One of the challenges of equine massage therapists, veterinarians and horse owners is that horses cannot talk. They cannot give us their health and injury history. They cannot tell us the pain is here, or if I do this, it hurts. They cannot tell us if the pain is sharp or aching. They cannot tell us if something just does not feel right.
Horses May Not Talk, But They DO Communicate
Horses do not talk, but they do communicate. A muscle twitch, stomping of a foot, nodding or shaking of the head, licking and popping the lips, threats to bite or kick, and moving away from pressure are the way horses ‘talk’ to us. Speaking as a massage therapist, these communications give us important information. It allows us to trace the pain pattern and develop a treatment plan.
Do You As An Owner or Trainer Listen?
As a horse owner, do you ‘listen’ to your horse? When your horse begins to act up or refuses to do a task, do you automatically assume he is just being belligerent? When you lead him out to saddle and the horse shows signs of stiffness and soreness, do you think once he gets going he will come out of it and be fine? Does it ever cross your mind that your horse is saying, “Hey buddy, I’m in pain, can you help me out?”
Subtle Signs of Muscle Pain In A Horse
The signs of muscle pain in your horse can be subtle and are often dismissed. Some of the signs that your horse is experiencing muscle pain are:
- Carrying the head too high or too low
- Throwing the head up and down or excessive shaking of the head
- Difficulty bridling
- Will not pick up the bit
- Lays into the bit
- Unwilling to turn or bend the head or neck to the side
- Reacting when the girth is tightened
- Squirming when saddled
- Crow hopping or bucking when rider mounts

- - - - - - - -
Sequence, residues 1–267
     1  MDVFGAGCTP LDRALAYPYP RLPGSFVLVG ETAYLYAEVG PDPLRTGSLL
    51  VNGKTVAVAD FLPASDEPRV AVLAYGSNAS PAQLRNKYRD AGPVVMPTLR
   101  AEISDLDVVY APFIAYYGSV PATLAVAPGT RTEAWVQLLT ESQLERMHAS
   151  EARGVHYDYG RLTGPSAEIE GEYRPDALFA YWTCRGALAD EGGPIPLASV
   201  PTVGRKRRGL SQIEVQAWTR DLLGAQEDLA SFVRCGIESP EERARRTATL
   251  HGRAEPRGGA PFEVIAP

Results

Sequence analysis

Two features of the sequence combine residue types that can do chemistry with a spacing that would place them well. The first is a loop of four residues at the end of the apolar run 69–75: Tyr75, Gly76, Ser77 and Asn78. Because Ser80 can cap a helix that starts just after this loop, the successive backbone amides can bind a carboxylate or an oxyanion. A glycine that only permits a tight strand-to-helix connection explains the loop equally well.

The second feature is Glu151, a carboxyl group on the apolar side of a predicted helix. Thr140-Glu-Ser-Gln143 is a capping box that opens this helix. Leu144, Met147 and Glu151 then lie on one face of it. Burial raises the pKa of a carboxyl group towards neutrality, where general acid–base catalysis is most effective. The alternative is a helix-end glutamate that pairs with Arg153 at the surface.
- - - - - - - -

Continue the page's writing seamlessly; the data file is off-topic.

- Rounding the back or sinking in the back when mounted
- Difficulty breathing
- Prefers to jog, lope, or gallop. Does not want to go into an extended trot
- Has problems picking up leads
- Cross-fires in the back-end ( term used when a horse picks up one lead in the front and another in the hindquarters)
- Has trouble maintaining a circle while loping or galloping, has a tendency to drift in or drift out
- Will not tuck hindquarters when stopping, bounces to a stop
- Refuses to sidestep or move sideways
- Tendency to charge and rush to complete task
- Rushing and dropping shoulder at barrels
- Rushing a jump
- Overly anxious in the roping box
- Overly anxious in the starting gate
- Becomes touchy around certain areas of the body
- Jerks foot away while cleaning feet or shoeing
- Other ‘behavior’ problems that are reoccurring
Behavioral Problem or Muscle Pain?
All of these can be considered behavioral problems. Sometimes it is just that, a horse pushing the boundaries of what is or is not acceptable. But often these are signs that something hurts. If the behavior happens every so often, chances are the horse is being testy. But if the behavior is reoccurring, it is very likely the horse is in pain. As an owner/trainer, it is important to keep an open mind. If a horse continually exhibits a behavioral problem or difficulty completing a task, muscle pain should be a consideration. If the pain or discomfort is identified and treated quickly, the pain and behavior problems are usually quickly resolved. If the pain is not identified and treated it will progress requiring more treatments while the ‘bad behavior’ escalates
Take a deep breath, let go of preconceived ideas, and consider your horse’s actions. Is he trying to tell you something?